LAKE TAHOE (KRON) — Lake Tahoe has reopened Taylor Creek Visitor Center and Kiva Beach after treating for plague-infested fleas and rodents.
Authorities last week found chipmunks, ground squirrels and other wild rodents in the area infected with it, subsequently closing the sites temporarily.
Humans could get plague if they are bit by an infected flea, touch or hold an infected rodent, or are around a pet cat infected with plague, the USDA Forest Service Lake Tahoe Basin Management Unit said.
Plague is naturally occurring at Lake Tahoe, but 2020 was the first time in five years that a case of plague was confirmed in California. Officials believed the resident was bitten by an infected flea while walking a dog.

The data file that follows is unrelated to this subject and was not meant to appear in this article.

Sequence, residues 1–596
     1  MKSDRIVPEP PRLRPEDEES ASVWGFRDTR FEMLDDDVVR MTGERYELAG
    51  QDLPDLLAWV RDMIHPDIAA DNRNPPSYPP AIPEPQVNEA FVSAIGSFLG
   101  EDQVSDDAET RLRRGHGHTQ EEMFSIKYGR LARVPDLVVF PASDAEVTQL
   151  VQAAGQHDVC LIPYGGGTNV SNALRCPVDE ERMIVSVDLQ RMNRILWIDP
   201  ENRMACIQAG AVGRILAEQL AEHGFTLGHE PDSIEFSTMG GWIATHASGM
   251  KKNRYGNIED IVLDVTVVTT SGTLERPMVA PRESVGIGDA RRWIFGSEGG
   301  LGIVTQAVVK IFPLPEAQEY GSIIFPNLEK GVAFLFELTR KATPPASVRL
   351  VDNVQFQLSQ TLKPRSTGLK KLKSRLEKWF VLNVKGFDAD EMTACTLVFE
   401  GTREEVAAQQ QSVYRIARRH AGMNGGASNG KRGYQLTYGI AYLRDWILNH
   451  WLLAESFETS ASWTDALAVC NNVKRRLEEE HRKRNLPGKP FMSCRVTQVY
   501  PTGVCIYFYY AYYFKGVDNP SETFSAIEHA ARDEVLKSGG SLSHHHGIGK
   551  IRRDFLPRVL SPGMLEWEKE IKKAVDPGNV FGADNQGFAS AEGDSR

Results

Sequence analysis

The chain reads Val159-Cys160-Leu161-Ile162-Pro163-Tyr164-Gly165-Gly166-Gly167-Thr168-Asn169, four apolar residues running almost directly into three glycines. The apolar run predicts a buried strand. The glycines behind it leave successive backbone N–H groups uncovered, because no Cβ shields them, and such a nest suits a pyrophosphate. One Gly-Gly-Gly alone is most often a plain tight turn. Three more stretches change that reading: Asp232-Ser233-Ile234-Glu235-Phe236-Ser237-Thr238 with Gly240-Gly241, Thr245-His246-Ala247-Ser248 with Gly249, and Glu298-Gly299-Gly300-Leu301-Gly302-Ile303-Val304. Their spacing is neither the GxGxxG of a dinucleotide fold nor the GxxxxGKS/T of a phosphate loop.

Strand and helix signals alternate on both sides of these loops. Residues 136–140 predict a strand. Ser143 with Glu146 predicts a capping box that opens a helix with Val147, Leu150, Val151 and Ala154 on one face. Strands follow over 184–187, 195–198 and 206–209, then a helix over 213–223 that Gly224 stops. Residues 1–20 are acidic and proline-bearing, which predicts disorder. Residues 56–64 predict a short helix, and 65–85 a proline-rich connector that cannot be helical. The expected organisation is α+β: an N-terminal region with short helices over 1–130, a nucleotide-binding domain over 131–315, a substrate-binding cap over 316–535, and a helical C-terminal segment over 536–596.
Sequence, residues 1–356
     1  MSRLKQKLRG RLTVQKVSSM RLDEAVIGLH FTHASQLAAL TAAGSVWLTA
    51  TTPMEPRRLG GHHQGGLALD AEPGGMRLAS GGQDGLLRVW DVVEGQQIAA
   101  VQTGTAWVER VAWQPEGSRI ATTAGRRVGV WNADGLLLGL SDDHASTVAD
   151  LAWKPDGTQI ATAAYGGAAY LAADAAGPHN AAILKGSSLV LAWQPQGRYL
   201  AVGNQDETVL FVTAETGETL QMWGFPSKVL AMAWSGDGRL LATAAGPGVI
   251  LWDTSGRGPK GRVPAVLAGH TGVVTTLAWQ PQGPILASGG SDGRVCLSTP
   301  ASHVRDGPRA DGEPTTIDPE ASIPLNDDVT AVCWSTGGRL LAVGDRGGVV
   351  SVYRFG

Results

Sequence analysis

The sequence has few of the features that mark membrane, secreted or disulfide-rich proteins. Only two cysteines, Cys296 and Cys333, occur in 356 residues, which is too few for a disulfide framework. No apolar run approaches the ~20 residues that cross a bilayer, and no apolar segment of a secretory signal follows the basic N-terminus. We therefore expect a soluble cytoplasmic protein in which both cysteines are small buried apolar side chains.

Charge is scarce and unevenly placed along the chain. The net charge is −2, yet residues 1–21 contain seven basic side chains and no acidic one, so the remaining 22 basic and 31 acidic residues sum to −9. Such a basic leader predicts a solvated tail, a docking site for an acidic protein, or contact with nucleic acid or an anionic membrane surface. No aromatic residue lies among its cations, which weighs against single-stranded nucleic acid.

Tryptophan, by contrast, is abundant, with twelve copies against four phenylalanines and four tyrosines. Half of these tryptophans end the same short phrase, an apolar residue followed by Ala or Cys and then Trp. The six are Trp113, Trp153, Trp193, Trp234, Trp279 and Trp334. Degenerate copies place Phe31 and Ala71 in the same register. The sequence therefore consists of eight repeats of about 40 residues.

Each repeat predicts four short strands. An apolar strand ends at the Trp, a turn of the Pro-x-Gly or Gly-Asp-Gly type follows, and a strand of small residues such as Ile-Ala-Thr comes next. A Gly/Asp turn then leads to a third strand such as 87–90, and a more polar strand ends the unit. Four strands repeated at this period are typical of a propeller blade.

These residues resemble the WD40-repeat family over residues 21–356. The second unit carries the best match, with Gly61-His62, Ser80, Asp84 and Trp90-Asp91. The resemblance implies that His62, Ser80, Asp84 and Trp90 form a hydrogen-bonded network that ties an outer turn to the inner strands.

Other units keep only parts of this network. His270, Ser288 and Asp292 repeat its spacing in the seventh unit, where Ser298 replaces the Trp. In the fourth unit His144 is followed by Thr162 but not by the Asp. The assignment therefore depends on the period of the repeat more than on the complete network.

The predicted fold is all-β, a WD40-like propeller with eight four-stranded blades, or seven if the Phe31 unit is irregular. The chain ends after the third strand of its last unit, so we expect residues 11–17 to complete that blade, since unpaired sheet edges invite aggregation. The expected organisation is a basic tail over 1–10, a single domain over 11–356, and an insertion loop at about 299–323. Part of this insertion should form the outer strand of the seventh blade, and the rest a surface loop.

Antibiotics can treat plague in humans – if done promptly, according to the Centers for Disease Control and Prevention. If left untreated for too long, it can cause serious illness or death.
Human plague infections are typically reported in more rural parts of the western U.S., the CDC said.
Early symptoms include fever, chills, headache, muscle aches, and swollen and tender lymph nodes, according to the California Department of Health Services. People should report these symptoms within seven days of visiting a potentially plague-infested area.
Officials say Lake Tahoe is now safe to visit, but here are some tips to avoid catching the plague:
- Do not camp, rest or sleep near animal burrows
- Apply insect repellent to socks and pant cuffs
- Do not feed or touch wild animals
- Do not touch sick or dead animals
- Keep your pets on a leash and don’t let them chase rodents
Anyone visiting Kiva Beach should also be aware of rodent traps or insecticide stations in the area.